The prevalence of such job dissatisfaction poses major challenges for managers. “If you have 10 people reporting to you, then five of them are likely thinking about their past careers on a regular basis,” Colquitt pointed out.
Rather than dismissing such employees as lazy malingerers, managers should take the time to understand their frustrations. “Managers see someone withdrawing and attribute it to their work ethic,” he said. “There may be a personality element to it, but it may also be a symptom of job dissatisfaction. You can find out about these other paths they could have taken, then use that information when you’re deciding what kind of project to put them on.”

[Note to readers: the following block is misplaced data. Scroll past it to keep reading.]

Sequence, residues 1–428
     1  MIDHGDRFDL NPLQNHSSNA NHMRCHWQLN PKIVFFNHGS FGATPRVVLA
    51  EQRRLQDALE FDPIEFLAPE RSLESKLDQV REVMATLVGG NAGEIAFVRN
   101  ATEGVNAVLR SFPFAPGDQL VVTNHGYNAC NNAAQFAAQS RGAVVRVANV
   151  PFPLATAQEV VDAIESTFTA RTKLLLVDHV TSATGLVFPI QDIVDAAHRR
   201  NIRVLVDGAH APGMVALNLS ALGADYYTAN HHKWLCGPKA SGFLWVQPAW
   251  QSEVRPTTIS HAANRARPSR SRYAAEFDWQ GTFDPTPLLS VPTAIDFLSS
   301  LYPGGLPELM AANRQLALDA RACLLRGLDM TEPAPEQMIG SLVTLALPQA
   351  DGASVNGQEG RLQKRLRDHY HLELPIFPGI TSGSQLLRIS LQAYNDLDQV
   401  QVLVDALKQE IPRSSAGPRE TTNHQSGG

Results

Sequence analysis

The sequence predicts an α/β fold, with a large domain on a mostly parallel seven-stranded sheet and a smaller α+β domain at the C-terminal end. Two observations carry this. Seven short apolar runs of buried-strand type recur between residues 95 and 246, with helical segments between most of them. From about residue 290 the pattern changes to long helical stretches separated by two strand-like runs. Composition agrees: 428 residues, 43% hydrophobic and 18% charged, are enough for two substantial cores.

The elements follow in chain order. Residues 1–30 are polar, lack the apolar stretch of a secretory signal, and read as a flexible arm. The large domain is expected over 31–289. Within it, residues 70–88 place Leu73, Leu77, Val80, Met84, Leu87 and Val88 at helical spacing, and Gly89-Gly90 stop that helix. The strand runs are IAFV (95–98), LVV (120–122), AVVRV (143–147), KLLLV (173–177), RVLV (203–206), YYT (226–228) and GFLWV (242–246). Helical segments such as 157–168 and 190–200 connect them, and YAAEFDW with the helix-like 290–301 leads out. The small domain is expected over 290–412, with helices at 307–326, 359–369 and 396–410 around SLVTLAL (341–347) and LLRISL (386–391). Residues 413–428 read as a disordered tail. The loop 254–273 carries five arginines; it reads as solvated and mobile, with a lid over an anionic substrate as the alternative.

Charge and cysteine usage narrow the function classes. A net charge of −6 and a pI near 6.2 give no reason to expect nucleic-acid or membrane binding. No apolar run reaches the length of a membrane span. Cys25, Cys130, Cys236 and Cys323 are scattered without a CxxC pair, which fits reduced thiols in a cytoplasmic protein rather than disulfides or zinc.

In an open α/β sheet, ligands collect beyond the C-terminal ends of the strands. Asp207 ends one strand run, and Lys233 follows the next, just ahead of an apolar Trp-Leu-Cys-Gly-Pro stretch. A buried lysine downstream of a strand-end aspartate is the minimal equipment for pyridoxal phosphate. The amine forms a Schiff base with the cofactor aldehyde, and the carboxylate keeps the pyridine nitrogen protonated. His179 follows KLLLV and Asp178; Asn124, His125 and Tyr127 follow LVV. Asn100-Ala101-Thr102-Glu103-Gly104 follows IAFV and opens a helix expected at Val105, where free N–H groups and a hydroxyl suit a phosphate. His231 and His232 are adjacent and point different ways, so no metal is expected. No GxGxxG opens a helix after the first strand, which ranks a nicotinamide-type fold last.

People with backgrounds in IT, for instance, might be assigned more tech-intensive jobs, while former journalists might be provided writing opportunities. Employees themselves can pro-actively engage in “job crafting” by incorporating elements of their foregone identities into their current jobs. The paper’s results illustrated that dwelling on a forgone identity could trigger such crafting, with those efforts preventing the withdrawal behaviors mentioned above.
Colquitt himself has engaged in such crafting. Although his path as a management consultant would have taken him inside actual organizations more often, he has engaged in executive education to add that element to his working life.
Of course, not all employees can repurpose their forgone job skills quite so readily. It’s difficult to see, for instance, how a “would-be veterinarian” who’s now a financial analyst could channel her interest in animals while building an investment portfolio. But one particular trait, known as an “internal locus of control,” does make it more likely that a person will successfully live their post fork-in-the-road lives.